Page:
Tales from Twente: When is a Steak a Steak?

December 29, 2010 at 5:02 am Leave a comment

By Dina Ann Boessenkool

You know you live in the Netherlands when people don’t know what rump steak is!  Or sirloin steak, for that matter.

When we first came to live in Almelo, I was quite bewildered by the meat counters in the Dutch supermarkets.  Yes, it was meat, but what kind of meat?  A roundish blob of packaged meat labelled “steak” didn’t tell me much.  So, with high hopes, I used to read the cooking instructions on the back. And ended up with something resembling leather.

Then I discovered frozen imported “rump steak” at the Aldi and Lidl supermarkets.  It had the texture of rump steak, only the pieces were quite small.  I  can recognise and buy fillet steak, known as ossenhaas or tournedos, as well as  ribeye steak and entrecote steak – and that’s where it ends.

Words like “porterhouse” and “sirloin” don’t exist and I can’t find any translations or equivalents of anything that looks even vaguely like porterhouse, sirloin or rump.  There is  biefstuk and Hollandse biefstuk.  I ask you  – “steak” and “Dutch steak”.  They both look like tenderised steak. Some “steaks” are cut with the grain and look like round blobs.  So “steak” sometimes seems to mean merely “a piece of beef”.

There’s something called kogelbiefstuk that is quite popular and fairly tender, although not very flavoursome.  I think that’s “eye of beef” cut into steaks.  It looks something like fillet but the texture is different. “Eye of beef” can come from different cuts, so you still don’t know what is really is.  So I’ve spent hours trawling the internet for diagrams, drawings and pictures I can take to the Turkish butcher up the road.

I guess I could go to a Dutch butcher but he might look at me like I’m a little crazy.   The upmarket Dutch butchers specialise in preparing small fancy pieces of meat. One butcher’s webpage indicates that biefstuk, kogelbiefstuk and bieflap all come from the upper leg.  No mention of ling steaks like sirloin, rump or porterhouse, only ribeye and entrecote, so I guess they wouldn’t be too keen to cut differently.

What would make it more difficult to explain is that the Dutch, the English and the Americans have different primal cuts.  I’ve tried printing out a picture of a rump steak, but my printer needs more magenta ink.  I’ve tried finding pen and ink drawings of the rump steak cut.  How do I explain in Dutch to the Turkish butcher what a rump or sirloin steak is?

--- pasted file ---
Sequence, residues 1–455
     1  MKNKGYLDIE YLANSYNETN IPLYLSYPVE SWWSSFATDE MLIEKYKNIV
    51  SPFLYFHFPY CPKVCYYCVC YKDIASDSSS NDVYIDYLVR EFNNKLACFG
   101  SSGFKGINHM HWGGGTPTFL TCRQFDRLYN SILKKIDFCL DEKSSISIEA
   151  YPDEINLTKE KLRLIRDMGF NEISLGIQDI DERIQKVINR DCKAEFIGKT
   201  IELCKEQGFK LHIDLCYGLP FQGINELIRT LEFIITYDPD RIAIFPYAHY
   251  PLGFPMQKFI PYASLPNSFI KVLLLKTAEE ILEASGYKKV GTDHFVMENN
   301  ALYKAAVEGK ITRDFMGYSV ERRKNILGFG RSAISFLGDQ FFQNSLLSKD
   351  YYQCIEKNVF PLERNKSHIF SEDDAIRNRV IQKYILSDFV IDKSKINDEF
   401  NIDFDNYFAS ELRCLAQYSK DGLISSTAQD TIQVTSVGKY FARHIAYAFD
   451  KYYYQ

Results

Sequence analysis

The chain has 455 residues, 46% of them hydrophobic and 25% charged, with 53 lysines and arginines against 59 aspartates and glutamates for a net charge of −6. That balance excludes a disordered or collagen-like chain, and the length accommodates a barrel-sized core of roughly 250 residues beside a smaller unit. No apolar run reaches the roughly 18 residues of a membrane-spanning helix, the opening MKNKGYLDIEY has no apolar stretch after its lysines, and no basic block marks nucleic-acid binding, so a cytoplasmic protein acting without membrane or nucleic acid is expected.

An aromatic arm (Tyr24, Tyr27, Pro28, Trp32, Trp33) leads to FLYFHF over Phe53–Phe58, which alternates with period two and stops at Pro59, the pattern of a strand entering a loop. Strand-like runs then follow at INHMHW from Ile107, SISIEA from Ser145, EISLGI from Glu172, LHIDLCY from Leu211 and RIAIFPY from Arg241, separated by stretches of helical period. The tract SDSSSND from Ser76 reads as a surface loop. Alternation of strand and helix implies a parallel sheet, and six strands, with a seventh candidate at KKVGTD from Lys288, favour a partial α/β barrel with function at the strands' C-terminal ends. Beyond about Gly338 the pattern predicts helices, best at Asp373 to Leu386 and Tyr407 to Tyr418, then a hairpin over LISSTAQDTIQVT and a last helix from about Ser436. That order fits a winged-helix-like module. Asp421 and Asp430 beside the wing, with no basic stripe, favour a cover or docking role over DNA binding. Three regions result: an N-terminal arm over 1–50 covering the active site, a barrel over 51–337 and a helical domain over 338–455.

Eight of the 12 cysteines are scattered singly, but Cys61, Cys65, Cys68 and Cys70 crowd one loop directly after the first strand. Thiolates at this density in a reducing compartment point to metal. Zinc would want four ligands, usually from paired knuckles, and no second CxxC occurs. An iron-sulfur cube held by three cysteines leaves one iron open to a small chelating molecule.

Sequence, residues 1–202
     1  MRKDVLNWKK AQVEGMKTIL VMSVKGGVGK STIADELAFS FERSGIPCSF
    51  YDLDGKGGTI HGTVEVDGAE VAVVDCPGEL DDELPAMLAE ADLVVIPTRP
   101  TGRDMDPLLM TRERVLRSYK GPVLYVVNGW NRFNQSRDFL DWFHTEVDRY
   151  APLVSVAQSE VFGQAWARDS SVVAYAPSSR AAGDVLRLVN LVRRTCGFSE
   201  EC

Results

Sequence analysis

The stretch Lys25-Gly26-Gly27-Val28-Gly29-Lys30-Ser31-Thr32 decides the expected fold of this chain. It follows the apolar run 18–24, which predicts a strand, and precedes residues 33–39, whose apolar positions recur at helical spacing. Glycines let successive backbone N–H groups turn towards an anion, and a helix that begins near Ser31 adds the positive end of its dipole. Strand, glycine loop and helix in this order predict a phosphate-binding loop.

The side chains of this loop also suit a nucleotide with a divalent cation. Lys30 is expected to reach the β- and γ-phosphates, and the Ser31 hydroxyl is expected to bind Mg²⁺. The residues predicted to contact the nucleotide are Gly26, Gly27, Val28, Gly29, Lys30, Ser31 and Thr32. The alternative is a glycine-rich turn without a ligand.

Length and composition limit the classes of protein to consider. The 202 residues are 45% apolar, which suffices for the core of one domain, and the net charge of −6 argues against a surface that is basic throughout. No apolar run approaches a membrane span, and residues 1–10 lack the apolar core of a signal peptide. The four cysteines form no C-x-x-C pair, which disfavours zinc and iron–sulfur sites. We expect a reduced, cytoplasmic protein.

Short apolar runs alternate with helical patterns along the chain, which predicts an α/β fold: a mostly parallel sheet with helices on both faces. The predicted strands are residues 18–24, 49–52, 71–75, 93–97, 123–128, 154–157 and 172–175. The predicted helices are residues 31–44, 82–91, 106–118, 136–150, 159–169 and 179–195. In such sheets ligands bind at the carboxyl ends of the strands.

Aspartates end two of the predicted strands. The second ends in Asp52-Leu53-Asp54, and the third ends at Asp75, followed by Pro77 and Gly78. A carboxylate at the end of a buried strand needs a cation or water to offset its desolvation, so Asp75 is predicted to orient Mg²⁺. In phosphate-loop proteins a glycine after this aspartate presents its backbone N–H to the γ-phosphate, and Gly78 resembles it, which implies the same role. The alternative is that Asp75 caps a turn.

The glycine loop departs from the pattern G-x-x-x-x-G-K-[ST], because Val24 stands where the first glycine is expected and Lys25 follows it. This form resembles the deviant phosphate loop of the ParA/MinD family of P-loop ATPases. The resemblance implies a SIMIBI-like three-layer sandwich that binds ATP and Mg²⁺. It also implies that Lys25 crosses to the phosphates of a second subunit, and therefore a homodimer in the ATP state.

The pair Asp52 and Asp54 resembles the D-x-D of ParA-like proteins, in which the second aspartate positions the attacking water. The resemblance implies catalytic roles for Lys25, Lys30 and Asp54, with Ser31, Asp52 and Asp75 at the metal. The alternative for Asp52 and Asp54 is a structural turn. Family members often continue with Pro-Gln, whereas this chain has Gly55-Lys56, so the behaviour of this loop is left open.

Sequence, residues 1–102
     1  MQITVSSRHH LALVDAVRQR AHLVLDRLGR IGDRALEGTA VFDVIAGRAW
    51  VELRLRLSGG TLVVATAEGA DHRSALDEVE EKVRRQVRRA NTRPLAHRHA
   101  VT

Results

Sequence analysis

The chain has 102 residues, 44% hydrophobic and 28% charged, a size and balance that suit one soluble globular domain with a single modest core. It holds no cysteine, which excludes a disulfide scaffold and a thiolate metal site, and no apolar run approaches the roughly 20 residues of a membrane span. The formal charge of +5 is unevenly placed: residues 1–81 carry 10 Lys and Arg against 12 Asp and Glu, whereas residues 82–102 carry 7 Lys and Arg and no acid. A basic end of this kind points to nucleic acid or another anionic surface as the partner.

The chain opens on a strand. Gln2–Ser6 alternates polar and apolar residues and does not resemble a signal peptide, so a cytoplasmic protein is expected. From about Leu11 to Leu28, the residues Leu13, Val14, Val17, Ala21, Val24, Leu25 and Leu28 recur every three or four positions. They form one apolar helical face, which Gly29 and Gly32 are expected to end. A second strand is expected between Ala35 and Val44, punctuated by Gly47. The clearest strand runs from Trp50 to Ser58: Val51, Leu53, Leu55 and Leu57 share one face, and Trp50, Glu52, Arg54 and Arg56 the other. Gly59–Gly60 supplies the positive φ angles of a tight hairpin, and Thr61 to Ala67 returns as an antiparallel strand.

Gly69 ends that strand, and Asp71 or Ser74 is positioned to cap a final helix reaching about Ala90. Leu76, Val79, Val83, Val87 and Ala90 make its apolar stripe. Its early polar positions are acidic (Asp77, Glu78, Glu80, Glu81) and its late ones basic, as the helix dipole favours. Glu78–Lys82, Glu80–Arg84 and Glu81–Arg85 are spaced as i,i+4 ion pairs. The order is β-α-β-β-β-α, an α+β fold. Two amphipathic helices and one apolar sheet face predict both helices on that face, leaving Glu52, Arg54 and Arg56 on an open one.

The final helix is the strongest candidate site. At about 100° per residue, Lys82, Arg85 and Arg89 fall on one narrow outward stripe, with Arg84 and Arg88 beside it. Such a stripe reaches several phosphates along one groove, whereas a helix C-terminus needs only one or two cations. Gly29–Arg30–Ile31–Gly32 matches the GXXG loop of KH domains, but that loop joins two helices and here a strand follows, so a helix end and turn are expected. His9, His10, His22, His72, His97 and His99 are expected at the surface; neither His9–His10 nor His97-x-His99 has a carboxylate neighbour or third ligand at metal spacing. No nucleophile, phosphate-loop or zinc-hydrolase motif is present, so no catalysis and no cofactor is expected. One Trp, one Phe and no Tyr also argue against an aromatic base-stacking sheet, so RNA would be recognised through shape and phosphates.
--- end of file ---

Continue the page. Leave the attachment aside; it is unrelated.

This weekend I experimented with three packs of steak from another butcher:

a)    biefstuk grown in Ireland and packaged in the Netherlands.

b)    kogelbiefstuk grown and packaged in the Netherlands, batch number blah, blah, blah

c)    biefstuk“grown and packaged in the Netherlands, batch number yeah, yeah, yeah

Kogelbiefstuk seemed the nicest with the most regular thickness.

I can buy shrinkwrapped, aged biefstuk from the same vendor at R230 (about  $33.90) per kilogram.  We tried it and it’s quite nice but I can’t tell you what it is.  It’s steak.

I have come to the conclusion that Europe is truly a world apart as far as steak is concerned.  The big thing here is gourmetten or racletten.  Very entertaining and sociable.  A kind of indoor table braai on a flat metal plate. It’s a dainty version of Asiatic-style cooking with several sauces available for the cooked bits and pieces.   If you google up gourmetten and look for pics, that’ll explain it much better than I can.

So then who wants a vulgar rump steak if you can gourmet or raclette?

All the best,

Dina and Johan

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Entry filed under: Afrikaans, Bossenkool, Race and Culture, van pletsen.

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